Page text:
After the previous day’s heart-stopping, low-scoring, bowler-dominated thriller between Australia and New Zealand, when fortunes were reversed time and again, the game between England and Sri Lanka was a stark contrast, a sedate batsman-dominated game that produced a different kind of engrossing game in which Sri Lanka eventually cruised to an easy victory after being set a formidable challenge by England.
I thought that England paced their first innings well, getting off to a fast start of 42 runs in the first five overs, slowing down but consolidating their innings in the next 30 overs thanks to a fine partnership of 98 by two of the youngest players in their generally young team (Joe Root and James Taylor are just 24 and 25 years old respectively) that gives hope for the team’s future, and then blasting away at the Sri Lankan bowlers at the end to get 106 runs in the last ten overs to end up at 309/6. Since scores of 300 or more have been sufficient to win in all but one match in this tournament, they had good reason to be satisfied at the break.
Facing a tough target of 310 to win, Sri Lanka set about it as methodically as I have ever seen them, putting on 100 for the first wicket before Tillakaratne Dilshan was out for 44. This brought Kumar Sangakkara to the crease and he put on a display of top class batting as he and Lahiru Thirimanne methodically made the England bowling look ineffective and they reached their target with 16 balls to spare.
Sangakkara reached 100 in just 70 balls, his fastest ever and the fifth fastest in World Cup history, but he was not simply hitting everything in sight, He scored his runs the old-fashioned, classical way, targeting bad balls and finding the gaps, and this is what made his performance one of the best in a great career.
The Sri Lankan opener Lahiru Thirimanne, while he can play some lovely strokes, always keeps you on the edge. Some batsmen like Sangakkara, when they are in the groove, seem to see the ball almost in slow motion and be able to pick exactly what they want to do with it and where to place it. With Thirimanne you always have the feeling that he could get out at any moment. He was dropped very early when he had scored just 3 and again at 98 but in-between he batted beautifully. This century in his first World Cup tournament might be just what this young player needs to give him the confidence to be the permanent top-order batsman Sri Lanka are looking for when their three aging veterans retire.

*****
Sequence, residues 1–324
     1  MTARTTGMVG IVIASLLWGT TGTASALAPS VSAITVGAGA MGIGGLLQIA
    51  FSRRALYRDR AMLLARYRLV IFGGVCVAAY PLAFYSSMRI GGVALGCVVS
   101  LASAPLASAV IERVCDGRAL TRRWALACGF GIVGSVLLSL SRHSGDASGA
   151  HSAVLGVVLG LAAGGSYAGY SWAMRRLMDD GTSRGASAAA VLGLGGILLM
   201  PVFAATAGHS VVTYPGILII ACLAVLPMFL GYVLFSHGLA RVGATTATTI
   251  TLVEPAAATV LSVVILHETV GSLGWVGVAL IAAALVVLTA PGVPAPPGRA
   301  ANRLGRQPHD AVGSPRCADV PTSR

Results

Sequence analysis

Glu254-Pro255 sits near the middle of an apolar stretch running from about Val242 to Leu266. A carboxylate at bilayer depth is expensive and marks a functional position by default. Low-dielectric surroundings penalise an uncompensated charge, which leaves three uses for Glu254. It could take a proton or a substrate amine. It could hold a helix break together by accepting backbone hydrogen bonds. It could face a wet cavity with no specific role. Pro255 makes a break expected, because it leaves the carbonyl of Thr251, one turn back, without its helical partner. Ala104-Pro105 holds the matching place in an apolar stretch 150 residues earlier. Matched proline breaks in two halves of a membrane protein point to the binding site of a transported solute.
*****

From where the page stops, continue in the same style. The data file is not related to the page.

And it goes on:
While their batting seems to be peaking at the right time, Sri Lanka should be concerned that they not only could not get more English wickets, they could not curb the scoring rate at the end against an England team that is not noted for big hitting power. There were too many loose deliveries and their bowling could not force the batsmen to give them chances. On the plus side, their fielders did not drop too many reasonable catches, though they do need to raise it up a notch if they are going to beat the tougher opponents.
Sri Lanka are now in good shape to qualify for the next round. Thanks to the fact that the standard for qualifying for the quarterfinals is so low (the top four teams in each group of seven advance) England can also still make it even though they have lost to Australia, New Zealand, and Sri Lanka, as long as they win their remaining games against Bangladesh (whom they lost to in the last world Cup) and Afghanistan.
The other game between Pakistan and Zimbabwe was a low-scoring affair that Pakistan managed to win after being given a serious scare. Batting first, Pakistan managed to score only 235/7, after an excruciatingly slow start in which they scored just 14 runs off the first ten overs, thanks to a great effort by their fast bowler Wahab Riaz, who later took four wickets and was deservedly awarded the Player of the Match title. Their fast bowlers managed to bring the game home, dismissing Zimbabwe for 215.
If Pakistan had lost, they had practically no chance of qualifying for the next round. Now they can still do it while Zimbabwe is pretty much certain of elimination.
Today sees South Africa play Ireland. Although Ireland pulled off an upset win over West Indies, South Africa is another thing entirely and for them to win would undoubtedly be the biggest upset in World Cup history.